Advocates of Pluto's planethood are about to fire another salvo in the decade-long debate about the famous object's status.
Scientists on NASA's New Horizons mission, which performed the first-ever flyby of Pluto in July 2015, will officially propose a new definition of "planet" next month, at the 48th Lunar and Planetary Science Conference in The Woodlands, Texas.
The new definition would replace, or supersede, the one devised by the International Astronomical Union (IAU) in 2006. A planet, the IAU determined, is a body that orbits the sun without being the moon of another object; is large enough that its own gravity has rounded it into a sphere (but not so large that it undergoes fusion reactions, like a star); and has "cleared its neighborhood" of most other bodies. [Poll: Should Pluto Be a Dwarf Planet or Full-Fledged World?]
Pluto failed to meet this last criterion, because its neighborhood — the vast Kuiper Belt beyond Neptune's orbit — is full of small, icy objects. So Pluto was stripped of the planethood it had enjoyed since its 1930 discovery, and was reclassified as a dwarf planet.
Many scientists and laypeople alike cried foul at the time, and have continued to object to the definition and Pluto's concomitant "demotion." The New Horizons team members, including mission principal investigator Alan Stern, lay out their main arguments against the IAU definition in the paper they will present next month:
"First, it recognizes as planets only those objects orbiting our sun, not those orbiting other stars or orbiting freely in the galaxy as 'rogue planets,'" the researchers, led by K.D. Runyon of Johns Hopkins University in Baltimore, wrote in the paper, which you can read here. "Second, it requires zone clearing, which no planet in our solar system can satisfy since new small bodies are constantly injected into planet-crossing orbits, like NEOs [near-Earth objects] near Earth. Finally, and most severely, by requiring zone clearing, the mathematics of the definition are distance-dependent, requiring progressively larger objects in each successive zone. For example, even an Earth-sized object in the Kuiper Belt would not clear its zone."
As an alternative, the researchers will propose a "geophysical definition" — one based solely on an object's intrinsic characteristics (and not on how it interacts with its environment). Here it is:
"A planet is a sub-stellar mass body that has never undergone nuclear fusion and that has sufficient self-gravitation to assume a spheroidal shape adequately described by a triaxial ellipsoid regardless of its orbital parameters."
Or, more simply: "round objects in space that are smaller than stars." (The tricky matter of brown dwarfs, "failed stars" that are larger than planets but smaller than true stars, is left up in the air, "so as to not force a premature definition on the larger end of planetary scales," the researchers wrote.)
Pluto would regain its planethood under this new definition, and a lot of other bodies would be viewed as planets for the first time — including Earth's moon (and any other moon large enough to be spherical, such as the Jovian satellite Europa). Indeed, the number of officially recognized planets would balloon from eight to about 110, the researchers wrote.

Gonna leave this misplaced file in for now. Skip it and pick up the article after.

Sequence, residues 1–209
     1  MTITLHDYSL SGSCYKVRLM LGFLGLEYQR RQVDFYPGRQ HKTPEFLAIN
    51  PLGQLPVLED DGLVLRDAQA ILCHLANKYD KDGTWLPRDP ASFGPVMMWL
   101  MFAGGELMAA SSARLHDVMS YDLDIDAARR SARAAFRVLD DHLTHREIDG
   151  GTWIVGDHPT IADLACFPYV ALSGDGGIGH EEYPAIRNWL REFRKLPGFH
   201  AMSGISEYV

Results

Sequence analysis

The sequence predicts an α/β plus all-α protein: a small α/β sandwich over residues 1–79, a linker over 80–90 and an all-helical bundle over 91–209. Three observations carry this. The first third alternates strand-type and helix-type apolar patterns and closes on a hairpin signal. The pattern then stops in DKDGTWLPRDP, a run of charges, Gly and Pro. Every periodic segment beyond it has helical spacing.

But that's OK, they added; there's no rule stating that schoolchildren must be able to memorize all the planets. And swelling the planet ranks would better convey the exciting diversity found throughout the solar system, the team members wrote.
"This definition highlights to the general public and policymakers the many fascinating worlds in our solar system that remain unexplored and are worthy of our exploration, along with the necessary budgets," they wrote.
But not everyone is clamoring for Pluto to be reclassified. One person who's quite happy with the status quo is Mike Brown, an astronomer at the California Institute of Technology in Pasadena. Brown and his team have discovered many objects in the outer solar system, showing that Pluto is far from the only large object in the Kuiper Belt.
This growing realization seems to have spurred the IAU to draft its 2006 definition; indeed, Brown chose "@plutokiller" for his Twitter handle.
So what does Brown think about the proposed new definition? You be the judge.
"Oh god the stupid Pluto stories are back. Yes, someone has proposed making Pluto a planet again. No, nothing is changed or new," Brown tweeted Tuesday (Feb. 21). "Also, I should note, that proposal would make the moon a planet. Which is about 500 years out of date. But, ok #MakeTheMoonGreatAgain," he added in another tweet.
The 48th Lunar and Planetary Science Conference runs from March 20 through March 24. It should be lively!
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Michael Wall is a Senior Space Writer with Space.com and joined the team in 2010. He primarily covers exoplanets, spaceflight and military space, but has been known to dabble in the space art beat. His book about the search for alien life, "Out There," was published on Nov. 13, 2018. Before becoming a science writer, Michael worked as a herpetologist and wildlife biologist. He has a Ph.D. in evolutionary biology from the University of Sydney, Australia, a bachelor's degree from the University of Arizona, and a graduate certificate in science writing from the University of California, Santa Cruz. To find out what his latest project is, you can follow Michael on Twitter.